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Avid Life did not comply. On August 18, the Team released almost 10 gigabytes of data on the so-called “dark web” Tor network; it was indexed and searchable on the open web the next day. The company began issuing Digital Millennium Copyright Act (DMCA) takedown requests, the kind of thing normally sent by copyright holders to have movies and music pulled from the web. On August 20, another 19 gigabytes of data were leaked.

Within hours of the data’s release, the first projects allowing the casual browser to easily search the data began to launch. These were front ends for the leak, comparable in outline with the landmark Diary Dig project for searching the leaked data in the Iraq War Diaries. People would enter email addresses, searching for celebrities, politicians, their spouses, bosses, or themselves. Within days, the scams and blackmail began. The scams (some of them products of those search sites) announced that you—which is to say, any email address used as a search—were indeed in the Ashley Madison leak, with all the salacious, marriage-ending, life-ruining information attached to your identity. The scammers promised to really fully delete your information, just in time to save you, for a fee.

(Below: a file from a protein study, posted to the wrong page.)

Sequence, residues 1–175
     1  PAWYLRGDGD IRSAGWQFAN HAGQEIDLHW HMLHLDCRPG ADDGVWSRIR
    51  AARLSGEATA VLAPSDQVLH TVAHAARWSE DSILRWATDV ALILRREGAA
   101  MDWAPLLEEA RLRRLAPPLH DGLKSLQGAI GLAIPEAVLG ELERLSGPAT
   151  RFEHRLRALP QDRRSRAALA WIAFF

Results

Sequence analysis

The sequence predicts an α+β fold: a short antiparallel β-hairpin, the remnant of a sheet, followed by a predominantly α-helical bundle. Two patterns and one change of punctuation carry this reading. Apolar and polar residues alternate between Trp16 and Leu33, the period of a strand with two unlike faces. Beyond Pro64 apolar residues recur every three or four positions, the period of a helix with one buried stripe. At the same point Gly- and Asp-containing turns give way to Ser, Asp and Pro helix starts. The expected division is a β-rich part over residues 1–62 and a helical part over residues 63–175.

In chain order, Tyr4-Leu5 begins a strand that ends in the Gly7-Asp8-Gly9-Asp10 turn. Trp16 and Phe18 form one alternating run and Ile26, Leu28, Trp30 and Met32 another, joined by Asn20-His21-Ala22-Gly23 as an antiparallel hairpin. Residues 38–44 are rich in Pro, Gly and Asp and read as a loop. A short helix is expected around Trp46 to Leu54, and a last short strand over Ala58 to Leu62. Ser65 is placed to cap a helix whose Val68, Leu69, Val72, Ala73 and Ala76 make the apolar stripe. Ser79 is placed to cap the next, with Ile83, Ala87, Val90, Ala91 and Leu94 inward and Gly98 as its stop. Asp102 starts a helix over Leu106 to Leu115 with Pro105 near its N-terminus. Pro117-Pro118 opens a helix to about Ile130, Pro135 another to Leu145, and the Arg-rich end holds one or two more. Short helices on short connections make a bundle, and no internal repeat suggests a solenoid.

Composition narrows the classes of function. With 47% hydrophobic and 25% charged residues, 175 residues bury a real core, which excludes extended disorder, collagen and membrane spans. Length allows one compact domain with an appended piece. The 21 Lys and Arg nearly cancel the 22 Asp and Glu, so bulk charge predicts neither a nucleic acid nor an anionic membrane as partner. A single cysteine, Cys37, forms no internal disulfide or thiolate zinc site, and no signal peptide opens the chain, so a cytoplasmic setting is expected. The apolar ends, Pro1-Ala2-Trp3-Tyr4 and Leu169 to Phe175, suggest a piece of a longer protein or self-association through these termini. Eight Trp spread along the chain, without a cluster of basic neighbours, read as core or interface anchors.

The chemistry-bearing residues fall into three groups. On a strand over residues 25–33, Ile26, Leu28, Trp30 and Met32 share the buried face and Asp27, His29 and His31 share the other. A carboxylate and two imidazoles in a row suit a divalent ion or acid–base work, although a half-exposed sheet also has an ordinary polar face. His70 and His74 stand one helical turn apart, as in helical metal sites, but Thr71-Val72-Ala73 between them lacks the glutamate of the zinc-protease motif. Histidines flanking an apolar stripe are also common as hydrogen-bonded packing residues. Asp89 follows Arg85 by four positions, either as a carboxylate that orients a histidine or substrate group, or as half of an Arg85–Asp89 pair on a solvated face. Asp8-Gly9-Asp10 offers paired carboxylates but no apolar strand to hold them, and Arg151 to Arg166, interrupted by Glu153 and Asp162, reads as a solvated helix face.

The blackmail was far more sophisticated: a ransom strategy, with an email sent to addresses in the database.[3] “I now have ALL your information,” the blackmailer wrote: “I have also used your profile to find your Facebook profile, using this I now have a direct line to get in touch with all your friends and family.” The blackmailer’s system would automatically forward all your Ashley Madison records to your social network (“and perhaps even your employers too?”) unless it received a payment in Bitcoin within 72 hours. Like the false “Full Delete” option, it was a straightforward way to make good money from desperate people. It also marked the final step of something remarkable, read from beginning to end as a linked series of software components: the extortion stack. You could be tempted, tantalized, sign up to betray, betray (in spirit if not in flesh), create evidence, go through guilt and regret and concealment, and finally be shamefully and secretly blackmailed, all without ever interacting with a person, conducted completely by software: entrapment as a service.